Getting named as an executor to someone else's estate is a dubious honor (and sometimes not worth what is agreed by the parties or allowed as a fee by the Probate Court). It means that the person who passed trusted you to fulfill his or her wishes, which reflects well on your character. There can be a lot of work that comes with managing an estate. The same is true if someone names you as a trustee for an estate or end of life trust.
You need careful and comprehensive awareness of the various legal obligations you're facing, as well as the specifics of the estate plan, trust requirements or last will. Working with an experienced Illinois estate and probate attorney is wise.
Your attorney can review the documentation provided by the testator to help ensure you are properly complying with all requests. An attorney can also help verify that the requests and requirements within the estate plan, trust or last will comply with state laws. Trying to handle everything on your own could result in a messy situation where one or more heirs or family members contest the will or your role as executor of the estate in the hopes of personal gains.
What happens when someone contests the will
Once a person dies and the last will enters probate, people who believe they deserve some or more of the estate can challenge or contest the will. When that happens, the person contesting will likely retain an attorney. It is common to claim that the will's creation happened with undo influence or when a person's mental faculties were compromised. It is also common to claim that the executor is violating the conditions or requirements set forth in the last will or estate plan.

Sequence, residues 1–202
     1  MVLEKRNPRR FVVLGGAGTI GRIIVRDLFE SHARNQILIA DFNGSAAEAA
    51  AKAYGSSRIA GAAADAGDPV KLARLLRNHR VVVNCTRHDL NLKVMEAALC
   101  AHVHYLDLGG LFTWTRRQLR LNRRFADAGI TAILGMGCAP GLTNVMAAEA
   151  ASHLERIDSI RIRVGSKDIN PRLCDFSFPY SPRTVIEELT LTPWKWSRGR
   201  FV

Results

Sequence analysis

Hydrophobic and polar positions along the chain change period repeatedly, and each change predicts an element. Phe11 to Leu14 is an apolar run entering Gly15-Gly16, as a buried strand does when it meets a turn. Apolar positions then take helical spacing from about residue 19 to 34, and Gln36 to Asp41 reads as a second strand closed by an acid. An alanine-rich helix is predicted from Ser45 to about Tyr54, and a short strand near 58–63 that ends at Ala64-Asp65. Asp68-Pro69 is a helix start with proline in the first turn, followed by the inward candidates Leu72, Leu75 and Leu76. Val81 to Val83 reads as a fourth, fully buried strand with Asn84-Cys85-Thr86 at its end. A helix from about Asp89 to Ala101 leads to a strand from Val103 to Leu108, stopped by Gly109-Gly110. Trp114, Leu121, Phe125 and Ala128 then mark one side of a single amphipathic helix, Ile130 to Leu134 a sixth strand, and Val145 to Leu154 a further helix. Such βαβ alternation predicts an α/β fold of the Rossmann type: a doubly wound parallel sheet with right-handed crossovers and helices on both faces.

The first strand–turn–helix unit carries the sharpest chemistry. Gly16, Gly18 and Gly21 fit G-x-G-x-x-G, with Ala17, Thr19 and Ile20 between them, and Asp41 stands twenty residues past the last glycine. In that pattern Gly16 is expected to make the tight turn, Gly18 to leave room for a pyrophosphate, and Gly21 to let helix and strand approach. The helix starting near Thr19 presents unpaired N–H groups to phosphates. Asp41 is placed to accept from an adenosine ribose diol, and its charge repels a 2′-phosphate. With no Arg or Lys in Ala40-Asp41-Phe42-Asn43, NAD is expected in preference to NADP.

Sometimes, even a trustee of a trust may face challenges and get accused of mishandling the estate or even appropriating funds for person gain. The longer you wait to officially respond, the harder the process can become. It could turn into a full-blown legal battle for the assets of the estate.
The best way to protect yourself and ensure that the last will or estate plan gets followed as written is to assert yourself as executor and retain the assistance of an experienced estate and probate attorney. Your attorney can help you document exactly what is being done with funds or physical assets to prove that you are complying with requirements.
An estate and probate attorney protects you when you act as executor
In rare cases where funds or physical items from the estate are intentionally mishandled, the executor can be held financially and legally liable for those issues. Working with an attorney who understands Illinois state probate and estate law is the best way to protect yourself from potential issues.